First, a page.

Twickenham (UK Parliament constituency)

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Twickenham
Borough constituency
for the House of Commons
Outline map
Boundary of Twickenham in Greater London.
County Greater London
Electorate 79,172 (December 2010)[1]
Major settlements Twickenham, Hampton and Teddington
Current constituency
Created 1918
Member of parliament Vince Cable (Liberal Democrats)
Number of members One
Created from Brentford
Overlaps
European Parliament constituency London

Twickenham is a constituency[n 1] represented in the House of Commons of the UK Parliament since 2017 by Sir Vince Cable, the leader of the Liberal Democrats.[n 2]

In the period 2015 to 2017 the seat was represented by a Conservative, as between 1918 and 1997. Since 2017, it has been represented by a Liberal Democrat, as it was from 1997 to 2015. The boundaries of the seat are since 1945 similar to those of the abolished Metropolitan Borough of Twickenham.

Boundaries[edit]

Hampton Court Palace
Twickenham in Middlesex, 1918–45
Twickenham, 1945–50

1918-1945: The Urban Districts of Heston and Isleworth, and Twickenham.

1945: boundaries substantially changed - losing territory in the north to form Heston and Isleworth, gaining territory from Spelthorne to the south including Hampton, Teddington, Hampton Wick, Hampton Court Park and Bushy Park

1945-1974: The Municipal Borough of Twickenham.

Since 1974 formed from similar wards in the London Borough of Richmond upon Thames as follows:

1974-1983: Central Twickenham, East Twickenham, Hampton, Hampton Hill, Hampton Wick, Heathfield, South Twickenham, Teddington, West Twickenham, and Whitton.

1983-1997: Central Twickenham, Hampton, Hampton Hill, Hampton Nursery, Hampton Wick, Heathfield, South Twickenham, Teddington, West Twickenham, and Whitton.

1997-2010: Central Twickenham, East Twickenham, Hampton, Hampton Hill, Hampton Nursery, Hampton Wick, Heathfield, South Twickenham, Teddington, West Twickenham, and Whitton.

2010-present: The London Borough of Richmond upon Thames wards of Fulwell and Hampton Hill, Hampton, Hampton North, Hampton Wick, Heathfield, St Margaret's and North Twickenham, South Twickenham, Teddington, Twickenham Riverside, West Twickenham, and Whitton.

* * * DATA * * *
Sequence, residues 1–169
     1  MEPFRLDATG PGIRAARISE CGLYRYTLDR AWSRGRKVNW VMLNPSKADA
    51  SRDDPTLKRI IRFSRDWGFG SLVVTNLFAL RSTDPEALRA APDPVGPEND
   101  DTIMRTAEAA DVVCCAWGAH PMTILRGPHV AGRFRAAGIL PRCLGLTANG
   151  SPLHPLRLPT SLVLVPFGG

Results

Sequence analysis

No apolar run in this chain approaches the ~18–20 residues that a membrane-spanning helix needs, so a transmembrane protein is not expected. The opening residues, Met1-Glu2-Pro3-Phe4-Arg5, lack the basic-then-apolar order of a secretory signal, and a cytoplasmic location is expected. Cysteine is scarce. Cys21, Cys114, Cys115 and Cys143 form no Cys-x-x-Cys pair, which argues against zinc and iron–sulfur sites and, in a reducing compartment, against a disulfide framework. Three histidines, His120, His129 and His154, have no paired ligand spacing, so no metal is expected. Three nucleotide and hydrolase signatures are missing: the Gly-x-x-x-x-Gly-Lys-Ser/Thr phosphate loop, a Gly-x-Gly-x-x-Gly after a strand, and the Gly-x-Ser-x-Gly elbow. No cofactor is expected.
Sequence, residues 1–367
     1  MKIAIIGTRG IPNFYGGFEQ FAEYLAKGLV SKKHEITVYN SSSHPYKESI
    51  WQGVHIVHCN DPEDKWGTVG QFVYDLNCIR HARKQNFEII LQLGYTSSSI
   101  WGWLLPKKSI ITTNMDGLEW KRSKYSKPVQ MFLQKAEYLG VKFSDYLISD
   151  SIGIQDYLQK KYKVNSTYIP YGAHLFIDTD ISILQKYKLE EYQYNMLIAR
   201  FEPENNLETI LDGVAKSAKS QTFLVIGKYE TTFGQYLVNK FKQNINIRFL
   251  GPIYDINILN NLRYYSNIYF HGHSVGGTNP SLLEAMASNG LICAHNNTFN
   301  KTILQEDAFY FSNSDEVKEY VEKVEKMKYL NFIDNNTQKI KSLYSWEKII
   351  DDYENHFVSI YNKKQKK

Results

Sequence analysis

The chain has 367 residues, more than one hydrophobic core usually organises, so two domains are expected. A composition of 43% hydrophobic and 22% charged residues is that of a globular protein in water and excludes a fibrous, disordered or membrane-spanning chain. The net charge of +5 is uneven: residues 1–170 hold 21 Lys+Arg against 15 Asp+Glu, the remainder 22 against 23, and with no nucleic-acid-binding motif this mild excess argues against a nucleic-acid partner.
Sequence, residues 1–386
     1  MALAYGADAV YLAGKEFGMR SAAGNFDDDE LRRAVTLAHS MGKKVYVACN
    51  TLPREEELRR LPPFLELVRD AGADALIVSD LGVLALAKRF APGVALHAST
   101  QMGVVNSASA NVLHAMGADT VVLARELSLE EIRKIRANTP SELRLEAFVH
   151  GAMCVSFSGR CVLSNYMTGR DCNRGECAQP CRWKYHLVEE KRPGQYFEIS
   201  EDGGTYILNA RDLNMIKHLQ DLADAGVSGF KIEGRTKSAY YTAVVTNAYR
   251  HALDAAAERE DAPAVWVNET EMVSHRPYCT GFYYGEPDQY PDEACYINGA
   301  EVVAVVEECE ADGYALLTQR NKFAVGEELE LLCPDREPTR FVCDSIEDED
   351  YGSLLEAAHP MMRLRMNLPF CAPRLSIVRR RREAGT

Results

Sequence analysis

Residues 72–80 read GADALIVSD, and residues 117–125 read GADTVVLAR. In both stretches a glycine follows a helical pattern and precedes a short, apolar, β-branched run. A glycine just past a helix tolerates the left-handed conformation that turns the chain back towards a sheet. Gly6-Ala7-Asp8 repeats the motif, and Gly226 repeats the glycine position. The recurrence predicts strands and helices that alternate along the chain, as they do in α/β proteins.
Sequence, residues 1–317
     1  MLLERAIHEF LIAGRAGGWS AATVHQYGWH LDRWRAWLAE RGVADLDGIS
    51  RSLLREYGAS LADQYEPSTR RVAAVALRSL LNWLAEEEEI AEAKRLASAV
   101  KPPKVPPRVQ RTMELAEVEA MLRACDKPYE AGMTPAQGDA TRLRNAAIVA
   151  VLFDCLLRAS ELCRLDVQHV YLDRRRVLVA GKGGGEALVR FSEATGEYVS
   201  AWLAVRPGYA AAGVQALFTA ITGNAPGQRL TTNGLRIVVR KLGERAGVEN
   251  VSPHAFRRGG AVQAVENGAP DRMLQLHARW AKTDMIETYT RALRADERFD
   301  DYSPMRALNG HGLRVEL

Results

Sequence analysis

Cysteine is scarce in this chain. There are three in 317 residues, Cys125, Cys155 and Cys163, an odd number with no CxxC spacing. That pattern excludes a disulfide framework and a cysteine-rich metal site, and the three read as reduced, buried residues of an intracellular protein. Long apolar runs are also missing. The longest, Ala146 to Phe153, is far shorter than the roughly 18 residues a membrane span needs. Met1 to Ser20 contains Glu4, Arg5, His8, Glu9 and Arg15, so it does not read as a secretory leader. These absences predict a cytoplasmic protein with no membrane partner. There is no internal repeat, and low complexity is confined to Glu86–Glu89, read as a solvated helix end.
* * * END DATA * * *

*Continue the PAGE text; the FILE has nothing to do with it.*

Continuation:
The seat covers the south western half of the London Borough of Richmond, that part of the borough on the north bank of the River Thames.[n 3] It chiefly contains the towns or London districts of Twickenham, Hampton, Teddington and Whitton. Smaller sub-localities by order of commercial activity are Hampton Hill, Hampton Wick, St Margarets, Fulwell, Strawberry Hill and Hampton Court hamlet proper.[n 4] Features includes Hampton Court Palace, Bushy Park (one of the Royal Parks of London), and the Rugby Football Union's national ground, Twickenham Stadium.

History of boundaries[edit]

1918–1945

During this period the Hamptons (Hampton, Hampton Hill, Hampton Court and Hampton Wick) and Teddington were excluded from the seat, which instead contained two urban districts to the north of subsequent boundaries, Isleworth and Hounslow, an area at the time with key economic sectors of construction, brewing, warehousing and goods transportation. As such these areas had some support for the Labour Party, who in their best result in the seat, lost the 1929 by-election in the seat by 503 votes (1.6% of the vote).

1945-date

In 1945, the area saw as an unusual corollary to its shift southwards, the swing nationally, of +11.7% (Con-to-Lab) converted in the more strongly middle-class redefined seat to a major cut in the 24% Conservative majority [n 5] swinging −15.3% to a Liberal opponent, George Granville Slack. In February 1974 and from 1979 until seizing victory in 1997, the runner-up party became the Liberal Party or their successor, the Liberal Democrats and the ward boundaries became only slightly adjusted to reflect changes made in the borderlines made at the local level of government.

History[edit]

From 1931 until 1983, Twickenham was a safe seat of the Conservative Party and from 1983 until 1997 a marginal seat for that party.

Liberal Democrat Vince Cable gained the seat during the 1997 landslide Conservative defeat and held it until 2015. The seat was one of very few in Britain that gave the Liberal Democrats a majority of votes in the 2005 and 2010 elections, being their sixth best performance nationally in 2010.[n 6] Cable was Secretary of State for Business from 2010 to 2015, but unexpectedly lost his seat to the Conservative candidate Tania Mathias in the 2015 general election during the nationwide collapse in the Liberal Democrat vote.

Cable regained the seat in the 2017 snap election by a 14.8% majority and an absolute majority at 52.8% of the vote; this was the highest vote percentage for the Liberal Democrats in any constituency nationally.[2]